(OPINION) CIM – The teachings of the Lord on Hell are difficult, especially in today’s climate. The most difficult questions that arise relate to its eternal nature and how to square its existence with a God who is loving and rich in mercy.
1. Does God love the souls in Hell? Yes.
How could they continue to exist if He did not love them, sustain them, and continue to provide for them? God loves because He is love. Although we may fail to be able to experience or accept His love, God loves every being He has made, human or angelic.
The souls in Hell may have refused to empty their arms to receive His embrace, but God has not withdrawn His love for them. He permits those who have rejected Him to live apart from him. God honors their freedom to say no, even respecting it when it becomes permanent, as it has for fallen angels and the souls in Hell.
God is not tormenting the damned. The fire and other miseries are largely expressions of the sad condition of those who have rejected the one thing for which they were made: to be caught up into the love and perfection of God and the joy of all the saints.
2. Is there any good at all in Hell? Yes. Are all the damned punished equally? No.
While Heaven is perfection and pure goodness, Hell is not pure evil. The reason for this is that evil is the privation or absence of something good that should be there. If goodness were completely absent, there would be nothing there. Therefore, there must be some goodness in Hell or there would be nothing at all. St. Thomas Aquinas teaches,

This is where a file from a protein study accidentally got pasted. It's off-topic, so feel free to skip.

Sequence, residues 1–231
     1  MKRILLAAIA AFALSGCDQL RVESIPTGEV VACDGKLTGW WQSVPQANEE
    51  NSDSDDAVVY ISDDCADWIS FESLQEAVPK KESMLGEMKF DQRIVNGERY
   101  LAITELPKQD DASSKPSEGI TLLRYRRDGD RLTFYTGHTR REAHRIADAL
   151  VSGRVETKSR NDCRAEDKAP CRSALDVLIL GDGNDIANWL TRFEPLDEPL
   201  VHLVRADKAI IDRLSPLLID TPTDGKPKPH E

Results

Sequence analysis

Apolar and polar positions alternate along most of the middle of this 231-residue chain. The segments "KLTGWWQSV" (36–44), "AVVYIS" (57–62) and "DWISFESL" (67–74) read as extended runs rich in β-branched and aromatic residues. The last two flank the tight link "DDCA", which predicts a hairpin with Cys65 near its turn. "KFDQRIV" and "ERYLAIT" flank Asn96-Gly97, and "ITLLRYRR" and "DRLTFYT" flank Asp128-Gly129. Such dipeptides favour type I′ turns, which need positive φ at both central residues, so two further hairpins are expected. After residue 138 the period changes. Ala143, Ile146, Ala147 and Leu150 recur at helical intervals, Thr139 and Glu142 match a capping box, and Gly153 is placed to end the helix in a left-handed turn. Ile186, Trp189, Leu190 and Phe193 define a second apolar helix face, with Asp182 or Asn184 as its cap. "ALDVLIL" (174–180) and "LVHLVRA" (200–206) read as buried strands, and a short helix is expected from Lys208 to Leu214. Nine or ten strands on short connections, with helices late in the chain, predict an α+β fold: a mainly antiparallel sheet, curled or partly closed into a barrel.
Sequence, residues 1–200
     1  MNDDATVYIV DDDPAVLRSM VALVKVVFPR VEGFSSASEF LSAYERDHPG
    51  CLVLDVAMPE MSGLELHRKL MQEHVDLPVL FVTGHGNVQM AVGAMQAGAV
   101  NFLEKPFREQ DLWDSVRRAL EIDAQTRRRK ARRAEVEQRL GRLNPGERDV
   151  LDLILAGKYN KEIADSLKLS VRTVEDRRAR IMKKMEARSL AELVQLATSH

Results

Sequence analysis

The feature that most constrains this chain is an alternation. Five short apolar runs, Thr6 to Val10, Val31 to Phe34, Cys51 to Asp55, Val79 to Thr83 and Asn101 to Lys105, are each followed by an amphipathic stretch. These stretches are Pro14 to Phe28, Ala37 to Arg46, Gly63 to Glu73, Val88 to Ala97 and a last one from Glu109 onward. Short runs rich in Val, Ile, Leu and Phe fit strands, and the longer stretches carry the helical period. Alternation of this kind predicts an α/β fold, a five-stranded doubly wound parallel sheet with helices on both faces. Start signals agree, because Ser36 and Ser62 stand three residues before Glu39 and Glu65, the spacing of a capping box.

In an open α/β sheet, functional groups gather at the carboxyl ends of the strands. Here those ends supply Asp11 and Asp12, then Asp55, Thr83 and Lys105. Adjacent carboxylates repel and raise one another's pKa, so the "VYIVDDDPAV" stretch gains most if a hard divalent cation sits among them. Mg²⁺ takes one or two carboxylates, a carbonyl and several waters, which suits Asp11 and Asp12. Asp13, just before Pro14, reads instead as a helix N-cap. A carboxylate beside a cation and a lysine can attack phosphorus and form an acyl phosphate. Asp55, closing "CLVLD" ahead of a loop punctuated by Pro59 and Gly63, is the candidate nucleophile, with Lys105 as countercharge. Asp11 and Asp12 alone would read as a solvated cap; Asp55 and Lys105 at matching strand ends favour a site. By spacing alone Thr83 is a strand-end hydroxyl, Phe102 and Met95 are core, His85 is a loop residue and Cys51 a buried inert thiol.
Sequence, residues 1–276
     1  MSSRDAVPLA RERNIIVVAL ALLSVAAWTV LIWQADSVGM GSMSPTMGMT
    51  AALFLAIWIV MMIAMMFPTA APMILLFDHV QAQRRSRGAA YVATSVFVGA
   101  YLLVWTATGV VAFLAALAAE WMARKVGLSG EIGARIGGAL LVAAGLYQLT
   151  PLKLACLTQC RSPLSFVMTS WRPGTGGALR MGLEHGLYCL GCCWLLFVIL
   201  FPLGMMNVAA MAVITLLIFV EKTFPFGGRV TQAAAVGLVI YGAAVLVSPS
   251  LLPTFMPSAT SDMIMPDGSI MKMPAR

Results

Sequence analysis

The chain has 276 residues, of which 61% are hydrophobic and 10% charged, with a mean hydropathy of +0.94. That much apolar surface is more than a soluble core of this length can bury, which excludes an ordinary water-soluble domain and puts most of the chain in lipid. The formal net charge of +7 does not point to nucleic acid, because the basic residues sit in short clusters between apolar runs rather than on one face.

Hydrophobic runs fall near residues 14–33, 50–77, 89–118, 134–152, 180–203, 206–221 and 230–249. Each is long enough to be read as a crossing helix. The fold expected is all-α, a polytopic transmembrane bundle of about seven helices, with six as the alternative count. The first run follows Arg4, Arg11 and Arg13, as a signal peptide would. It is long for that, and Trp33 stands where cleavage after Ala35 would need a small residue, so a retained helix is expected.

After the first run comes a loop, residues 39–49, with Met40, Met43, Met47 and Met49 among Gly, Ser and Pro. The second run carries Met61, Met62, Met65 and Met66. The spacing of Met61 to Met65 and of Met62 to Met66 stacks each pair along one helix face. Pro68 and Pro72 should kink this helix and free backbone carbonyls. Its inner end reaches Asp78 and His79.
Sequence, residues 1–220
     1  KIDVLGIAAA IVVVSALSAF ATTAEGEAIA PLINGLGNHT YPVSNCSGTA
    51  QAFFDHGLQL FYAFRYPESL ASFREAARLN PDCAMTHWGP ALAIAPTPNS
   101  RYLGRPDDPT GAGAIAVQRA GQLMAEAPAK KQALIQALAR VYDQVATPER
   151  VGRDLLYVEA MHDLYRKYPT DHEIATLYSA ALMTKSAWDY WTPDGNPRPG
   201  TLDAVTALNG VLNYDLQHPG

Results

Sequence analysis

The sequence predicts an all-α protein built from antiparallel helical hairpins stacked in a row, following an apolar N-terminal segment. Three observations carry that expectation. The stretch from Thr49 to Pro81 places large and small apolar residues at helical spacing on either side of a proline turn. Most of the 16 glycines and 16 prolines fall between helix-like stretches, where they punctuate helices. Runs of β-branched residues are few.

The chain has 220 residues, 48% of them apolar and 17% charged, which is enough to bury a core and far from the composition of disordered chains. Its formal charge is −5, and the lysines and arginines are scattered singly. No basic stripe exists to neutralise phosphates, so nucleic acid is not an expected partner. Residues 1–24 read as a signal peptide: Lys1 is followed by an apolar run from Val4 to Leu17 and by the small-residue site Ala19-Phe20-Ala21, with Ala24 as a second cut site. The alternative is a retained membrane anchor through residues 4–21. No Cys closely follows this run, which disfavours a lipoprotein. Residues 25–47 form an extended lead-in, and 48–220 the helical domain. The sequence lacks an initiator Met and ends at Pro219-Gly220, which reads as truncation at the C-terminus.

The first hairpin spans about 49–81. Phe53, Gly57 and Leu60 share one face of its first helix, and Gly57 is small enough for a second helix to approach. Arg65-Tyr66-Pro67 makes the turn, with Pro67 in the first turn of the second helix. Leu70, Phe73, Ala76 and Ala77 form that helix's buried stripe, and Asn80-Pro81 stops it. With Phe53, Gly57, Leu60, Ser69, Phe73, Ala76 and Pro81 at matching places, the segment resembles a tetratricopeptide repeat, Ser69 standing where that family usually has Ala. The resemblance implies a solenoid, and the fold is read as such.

It is impossible for evil to be pure and without the admixture of good …. [So]those who will be thrust into hell will not be free from all good … those who are in hell can receive the reward of their goods, in so far as their past goods avail for the mitigation of their punishment (Summa Theologica, Supplement 69.7, reply ad 9).
This can assist us in understanding that God’s punishments are just and that the damned are neither devoid of all good nor lacking in any experience of good. Even though a soul does not wish to dwell in God’s Kingdom (evidenced by the rejection of God or the values of His Kingdom), the nature of suffering in Hell is commensurate with the sin(s) that caused exclusion from Heaven.
This would seem to be true even of demons. In the Rite of Exorcism, the exorcist warns the possessing demons, “The longer you delay your departure, the worse your punishment shall be.” This suggests levels of punishment in Hell based on the degree of unrepented wickedness.
In his Inferno, Dante described levels within Hell and wrote that not all the damned experience identical sufferings. Thus, an unrepentant adulterer might not experience the same suffering in kind or degree as would a genocidal, atheistic head of state responsible for the death of millions. Both have rejected key values of the Kingdom: one rejected chastity, the other rejected the worship due to God, and the sacredness of human life. The magnitude of those sins is very different and so would be the consequences.
Heaven is a place of absolute perfection, a work accomplished by God for those who say yes. Hell, though a place of great evil, is not one of absolute evil. It cannot be, because God continues to sustain human and angelic beings in existence there and existence itself is good. God also judges them according to their deeds (Rom 2:6). Their good deeds may ameliorate their sufferings. This, too, is good and allows for good in varying degrees there. Hell is not in any way pleasant, but it is not equally bad for all. Thus God’s justice, which is good, reaches even Hell. READ MORE